Both Jason and Rachel seem far too busy with their professional lives to be highly attentive parents, which is why their daughter (Sydney Sweeney, who has since appeared on Hulu’s “The Handmaid’s Tale” and Tarantino’s Once Upon a Time in Hollywood) spends most of her screen time with a “sitter”, even if she is becoming a teen herself.
The military arrive to “quarantine” the impact zone and surrounding area, although the Colonel in charge is well aware of what has actually landed. Meanwhile, the spiders (who have increased in size with no explanation) have annihilated a homeless settlement located in an abandoned section of the tunnels, laying even more eggs. However, the real target is the egg carrying the “Queen Spider”, which was laid in the body of the deceased engineer and is soon stolen from Rachel’s possession.
With the Colonel needing to keep the project’s existence a secret by any means necessary, a manhunt begins for our leads, with a few of their friends and co-workers murdered in the process. To be fair, the various soldiers have multiple opportunities to kill these two, but seem to have just as much difficulty with the task as they do killing the nearly indestructible space spiders!
Eventually, at just past the hour mark, the gigantic queen spider finally emerges. This large CG monstrosity, which is big enough to span the width of the city’s streets, begins a Godzilla-like path of destruction, picking off countless disposable soldiers and one rather undeveloped and unessential supporting character. However, by this point, it may just be too late in not only the film, but also the series, to provide many thrills.
Despite the increased budget and notably improved CG effects, I found Spiders 3D to be the least entertaining entry in the series by a notable margin. The most obvious fault with the film, when compared to the first 2 entries in the series, is that it takes itself far too seriously. The makers of the first two Spiders films, for the most, realized just how absurd their concept was and had fun with that fact, allowing the tone (more so for the 1st film) to frequently get as ludicrous and outlandish as it rightfully could and/or should. Spiders 3D, on the other hand, only provides a few laughs, most of which I assure you were not intended, and even fewer “chills”.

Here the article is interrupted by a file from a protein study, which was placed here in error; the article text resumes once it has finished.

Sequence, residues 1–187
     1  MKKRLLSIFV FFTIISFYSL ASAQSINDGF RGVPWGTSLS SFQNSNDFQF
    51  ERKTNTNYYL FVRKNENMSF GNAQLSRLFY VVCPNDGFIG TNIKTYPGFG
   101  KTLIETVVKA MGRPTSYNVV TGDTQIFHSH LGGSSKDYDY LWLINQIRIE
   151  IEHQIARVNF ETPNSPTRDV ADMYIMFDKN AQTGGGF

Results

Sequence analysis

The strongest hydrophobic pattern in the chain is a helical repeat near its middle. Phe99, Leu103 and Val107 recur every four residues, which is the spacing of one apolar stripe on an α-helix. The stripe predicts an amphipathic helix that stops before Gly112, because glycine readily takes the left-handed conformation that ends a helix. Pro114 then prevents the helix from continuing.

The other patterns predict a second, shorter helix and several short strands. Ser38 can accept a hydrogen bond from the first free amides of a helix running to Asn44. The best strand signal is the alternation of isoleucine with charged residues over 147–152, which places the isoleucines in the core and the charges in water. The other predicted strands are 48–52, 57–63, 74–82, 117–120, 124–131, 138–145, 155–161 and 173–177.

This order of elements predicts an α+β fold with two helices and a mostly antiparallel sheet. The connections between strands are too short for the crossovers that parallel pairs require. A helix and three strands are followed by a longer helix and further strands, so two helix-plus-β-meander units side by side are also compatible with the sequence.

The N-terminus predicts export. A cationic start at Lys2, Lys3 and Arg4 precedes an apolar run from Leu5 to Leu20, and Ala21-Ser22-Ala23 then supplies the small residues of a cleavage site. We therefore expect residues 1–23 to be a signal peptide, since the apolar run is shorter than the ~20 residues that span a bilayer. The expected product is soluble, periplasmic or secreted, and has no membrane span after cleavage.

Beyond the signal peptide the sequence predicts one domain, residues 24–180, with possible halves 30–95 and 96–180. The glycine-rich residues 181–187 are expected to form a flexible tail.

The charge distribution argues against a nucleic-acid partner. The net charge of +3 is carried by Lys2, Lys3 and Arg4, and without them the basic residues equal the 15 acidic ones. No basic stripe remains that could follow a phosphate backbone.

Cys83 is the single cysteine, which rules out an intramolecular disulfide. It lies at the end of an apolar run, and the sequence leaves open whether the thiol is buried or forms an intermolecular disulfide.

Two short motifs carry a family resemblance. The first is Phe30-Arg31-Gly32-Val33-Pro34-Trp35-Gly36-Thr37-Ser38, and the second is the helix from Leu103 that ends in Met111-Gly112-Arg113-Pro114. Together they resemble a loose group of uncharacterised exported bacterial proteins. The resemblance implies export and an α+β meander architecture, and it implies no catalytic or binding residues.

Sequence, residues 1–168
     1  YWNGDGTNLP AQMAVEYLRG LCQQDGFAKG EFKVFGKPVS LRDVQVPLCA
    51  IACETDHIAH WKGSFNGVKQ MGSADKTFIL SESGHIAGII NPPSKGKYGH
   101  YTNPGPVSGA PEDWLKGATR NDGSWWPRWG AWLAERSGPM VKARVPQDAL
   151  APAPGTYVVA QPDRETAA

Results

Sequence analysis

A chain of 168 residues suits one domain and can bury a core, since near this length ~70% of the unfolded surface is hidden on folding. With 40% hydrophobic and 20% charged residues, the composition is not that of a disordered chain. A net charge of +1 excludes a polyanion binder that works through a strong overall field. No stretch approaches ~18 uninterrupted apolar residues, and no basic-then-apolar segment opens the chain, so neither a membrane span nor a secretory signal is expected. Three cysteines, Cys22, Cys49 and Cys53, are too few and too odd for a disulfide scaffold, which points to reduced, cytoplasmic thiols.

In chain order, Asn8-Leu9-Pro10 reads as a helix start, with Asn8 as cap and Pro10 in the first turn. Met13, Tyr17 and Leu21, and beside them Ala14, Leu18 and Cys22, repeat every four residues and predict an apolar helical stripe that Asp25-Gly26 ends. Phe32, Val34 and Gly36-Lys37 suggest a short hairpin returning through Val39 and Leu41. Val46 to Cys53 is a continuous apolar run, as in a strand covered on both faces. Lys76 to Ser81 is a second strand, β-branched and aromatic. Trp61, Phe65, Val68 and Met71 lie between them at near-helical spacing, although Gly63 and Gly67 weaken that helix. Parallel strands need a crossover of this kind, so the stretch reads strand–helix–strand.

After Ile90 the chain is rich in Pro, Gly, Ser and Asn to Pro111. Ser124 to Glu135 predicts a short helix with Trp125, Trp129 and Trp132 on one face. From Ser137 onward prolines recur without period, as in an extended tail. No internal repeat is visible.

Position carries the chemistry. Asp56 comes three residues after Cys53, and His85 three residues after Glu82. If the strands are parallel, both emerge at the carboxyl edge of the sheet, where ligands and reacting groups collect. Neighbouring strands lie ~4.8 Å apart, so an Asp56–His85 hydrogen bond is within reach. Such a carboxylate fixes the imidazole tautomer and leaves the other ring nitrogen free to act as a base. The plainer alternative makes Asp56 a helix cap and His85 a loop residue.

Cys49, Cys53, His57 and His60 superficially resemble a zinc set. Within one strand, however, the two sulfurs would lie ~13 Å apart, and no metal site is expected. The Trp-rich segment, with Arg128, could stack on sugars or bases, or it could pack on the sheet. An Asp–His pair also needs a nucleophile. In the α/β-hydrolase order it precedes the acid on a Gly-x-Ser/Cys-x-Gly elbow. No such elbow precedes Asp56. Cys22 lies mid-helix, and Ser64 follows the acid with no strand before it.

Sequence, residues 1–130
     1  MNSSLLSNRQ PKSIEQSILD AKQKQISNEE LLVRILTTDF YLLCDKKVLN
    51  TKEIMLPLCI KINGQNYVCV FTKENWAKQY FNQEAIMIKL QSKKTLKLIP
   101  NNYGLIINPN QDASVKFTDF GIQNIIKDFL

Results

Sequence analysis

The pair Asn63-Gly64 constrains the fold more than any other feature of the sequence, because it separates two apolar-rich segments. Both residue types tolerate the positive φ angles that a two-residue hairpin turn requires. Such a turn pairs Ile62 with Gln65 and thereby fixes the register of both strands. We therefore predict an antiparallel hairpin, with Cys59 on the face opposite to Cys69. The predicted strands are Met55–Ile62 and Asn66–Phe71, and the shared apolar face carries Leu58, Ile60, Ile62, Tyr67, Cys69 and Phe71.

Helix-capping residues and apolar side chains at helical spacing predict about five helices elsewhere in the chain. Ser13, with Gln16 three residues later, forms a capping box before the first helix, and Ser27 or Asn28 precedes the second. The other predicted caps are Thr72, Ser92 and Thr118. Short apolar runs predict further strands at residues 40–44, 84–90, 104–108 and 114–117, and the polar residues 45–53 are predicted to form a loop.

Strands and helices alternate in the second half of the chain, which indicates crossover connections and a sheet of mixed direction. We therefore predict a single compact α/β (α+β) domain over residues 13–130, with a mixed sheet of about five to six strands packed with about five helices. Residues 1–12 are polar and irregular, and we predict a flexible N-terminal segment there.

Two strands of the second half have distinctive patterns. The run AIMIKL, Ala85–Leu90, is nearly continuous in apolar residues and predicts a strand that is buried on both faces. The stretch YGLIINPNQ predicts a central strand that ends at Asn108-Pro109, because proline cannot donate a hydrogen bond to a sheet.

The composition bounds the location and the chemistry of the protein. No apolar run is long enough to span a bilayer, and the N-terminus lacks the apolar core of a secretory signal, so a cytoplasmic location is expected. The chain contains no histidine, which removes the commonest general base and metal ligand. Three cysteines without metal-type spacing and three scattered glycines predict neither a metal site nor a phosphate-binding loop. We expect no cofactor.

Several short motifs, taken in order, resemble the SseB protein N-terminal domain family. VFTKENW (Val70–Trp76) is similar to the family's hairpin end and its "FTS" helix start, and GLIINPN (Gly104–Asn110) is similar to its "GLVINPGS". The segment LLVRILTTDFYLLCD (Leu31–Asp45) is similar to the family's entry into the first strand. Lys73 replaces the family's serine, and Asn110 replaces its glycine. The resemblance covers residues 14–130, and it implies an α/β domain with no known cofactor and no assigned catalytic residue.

Perhaps most inexcusably, though, is that for what should be a fun piece of mindless fluff entertainment, Spiders 3D is kind of boring. While there’s a decent amount of action to be found, I can’t help but feel that I may have enjoyed the film more if I actually gave a crap about any of the characters. While the lead characters are rather poorly developed, they might be much more tolerable if portrayed by actors capable of bringing excitement to the screen. Unfortunately, that’s just not the case here, but as Takács has worked with both actors multiple times, maybe he sees something that I didn’t.
Spiders 3D is available to watch for free on YouTube. The trilogy was released to Blu-ray in 2019 by Mill Creek Entertainment, but seems to have already gone out of print and is selling for over $30 on the resale market. If you REALLY feel the need to watch this film (or any of the Spiders films, for the matter), just stick to streaming.